Do you like anything he published as Richard Bachman? I really enjoyed Thinner.

  9. I love just about all of the Bachman books, especially Roadwork. Thinner was good but it was much more obviously a Stephen King book, in my opinion. Rage I thought was brilliant — insightful and intense — but King’s response in regard to its connection to the actual school shootings was, for me, as a writer, very worrying. Books influence people, sometimes negatively. But that does not make it the fault of the book or the author. Conveniently placed kitchen knives occasionally provide an inspirational means of killing someone so, hey, let’s ban them!

    I lost a lot of respect for the guy over this one.

  10. Thanks for link. I didn’t know about that. I read it and thought, “What a dumbass!”

    I might have something more profound to say after I finish my coffee, but that’s all I could muster at this point. lol

  11. I’m going to make myself unpopular and say that I actually quite liked It; it wasn’t great, and he’d already started to suffer from King’s Disease (i.e., books are about half again as long as they should be), but it was certainly enjoyable, in a kind of unpleasant way…

    I didn’t like The Dead Zone that much, to be honest. A bit… sappy for me.

    Ironically, I think On Writing is probably one of my favourite works by King…

    As to why he withdrew Rage, well, Americans are litigious.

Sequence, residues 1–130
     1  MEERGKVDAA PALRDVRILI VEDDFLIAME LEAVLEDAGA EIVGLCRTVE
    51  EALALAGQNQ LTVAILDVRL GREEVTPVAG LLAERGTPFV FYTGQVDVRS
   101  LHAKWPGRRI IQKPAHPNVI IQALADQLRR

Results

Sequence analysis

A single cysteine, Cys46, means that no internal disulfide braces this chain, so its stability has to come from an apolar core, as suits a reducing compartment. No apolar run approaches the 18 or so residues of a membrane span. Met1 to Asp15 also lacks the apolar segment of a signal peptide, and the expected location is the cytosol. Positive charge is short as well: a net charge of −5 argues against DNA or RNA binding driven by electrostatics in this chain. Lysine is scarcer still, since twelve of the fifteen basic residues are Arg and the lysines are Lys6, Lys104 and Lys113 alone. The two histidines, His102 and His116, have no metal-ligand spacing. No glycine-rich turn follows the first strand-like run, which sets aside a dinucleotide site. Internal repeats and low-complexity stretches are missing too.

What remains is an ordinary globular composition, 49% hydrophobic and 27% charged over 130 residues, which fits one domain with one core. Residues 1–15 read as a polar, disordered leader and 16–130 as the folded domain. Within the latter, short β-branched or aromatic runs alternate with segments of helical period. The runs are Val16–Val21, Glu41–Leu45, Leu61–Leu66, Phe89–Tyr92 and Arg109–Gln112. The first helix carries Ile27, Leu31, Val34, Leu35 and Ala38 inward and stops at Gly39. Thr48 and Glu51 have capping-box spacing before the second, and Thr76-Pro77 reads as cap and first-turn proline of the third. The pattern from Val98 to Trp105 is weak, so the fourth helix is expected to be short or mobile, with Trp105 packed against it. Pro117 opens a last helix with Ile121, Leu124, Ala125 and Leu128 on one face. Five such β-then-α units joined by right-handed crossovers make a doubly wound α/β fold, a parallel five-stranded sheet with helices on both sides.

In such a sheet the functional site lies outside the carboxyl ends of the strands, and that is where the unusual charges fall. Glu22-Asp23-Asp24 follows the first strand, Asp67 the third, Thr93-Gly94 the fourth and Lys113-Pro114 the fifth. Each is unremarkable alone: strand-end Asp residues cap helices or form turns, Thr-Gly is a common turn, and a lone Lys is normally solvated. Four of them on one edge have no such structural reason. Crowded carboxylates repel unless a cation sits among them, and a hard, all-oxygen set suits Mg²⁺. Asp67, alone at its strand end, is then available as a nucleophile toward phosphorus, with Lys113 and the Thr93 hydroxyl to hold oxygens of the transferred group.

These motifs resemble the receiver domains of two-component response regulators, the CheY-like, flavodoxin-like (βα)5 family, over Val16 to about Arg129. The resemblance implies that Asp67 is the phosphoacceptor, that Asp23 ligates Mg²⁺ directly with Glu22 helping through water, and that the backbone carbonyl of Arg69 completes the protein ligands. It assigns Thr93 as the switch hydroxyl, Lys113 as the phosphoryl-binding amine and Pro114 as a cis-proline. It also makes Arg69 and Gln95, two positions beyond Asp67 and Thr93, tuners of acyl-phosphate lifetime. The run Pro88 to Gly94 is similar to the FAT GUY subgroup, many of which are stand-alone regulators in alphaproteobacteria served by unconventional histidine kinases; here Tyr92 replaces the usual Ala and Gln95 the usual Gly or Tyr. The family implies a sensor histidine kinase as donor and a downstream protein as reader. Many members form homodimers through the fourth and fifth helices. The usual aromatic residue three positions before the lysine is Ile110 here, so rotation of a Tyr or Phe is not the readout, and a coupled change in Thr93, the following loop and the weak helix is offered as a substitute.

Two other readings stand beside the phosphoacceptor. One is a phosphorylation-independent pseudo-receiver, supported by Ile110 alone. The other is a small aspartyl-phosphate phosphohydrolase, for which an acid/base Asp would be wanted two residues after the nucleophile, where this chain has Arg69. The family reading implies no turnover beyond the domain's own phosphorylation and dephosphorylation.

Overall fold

12. Not unpopular with me, Mike, mate. I also quite liked It. In fact, I seem to remember really enjoying it. I got the hardback for my 20th birthday. I’d just started writing my first novel (a horror novel called Dawn). The weather was actually rather nice for the time of year (September). And I had plenty of beer and wine that I’d been given as presents. It was a good time and a pretty good book!

    I don’t buy the litigation explanation for the withdrawal of Rage, to be honest. If he were sued and the case actually went against him it would set a completely unworkable precedent. I’m always very cautious when I say that I don’t think something like that could ever happen (we are talking about America, after all!) but everyone would be suing authors, television producers, television networks, screenwriters, artists etc left right and centre. I don’t think it was ever really likely and I tend to feel that King’s withdrawal of Rage was a really shitty thing for a high profile author like him to do. It very nearly smacks of an admission of guilt, complicity. When a writer starts implying something like that… well, as a writer who has nowhere near the influence that he has I find it worrying.

    In fact, I’ve just checked and he actually acknowledged the culpability of cultural and artistic projects etc in influencing in particular “troubled youths”. I think this is not only simplistic, I tend to feel, frankly, it’s bloody irresponsible — on a number of levels. He did qualify this by saying that artists and writers should be allowed to draw upon their culture in their work etc, but for me, the damage was (potentially) already done.

    Christ, this voice recognition software just doesn’t know when to bloody stop, does it? 😉

  13. Hmm… I think I was unclear in my next to last comment. I didn’t like It that much, but I did like Gerald’s Game.

    Mike:

    As to why he withdrew Rage, well, Americans are litigious.

    That is not true at all. I should sue you for even suggesting it.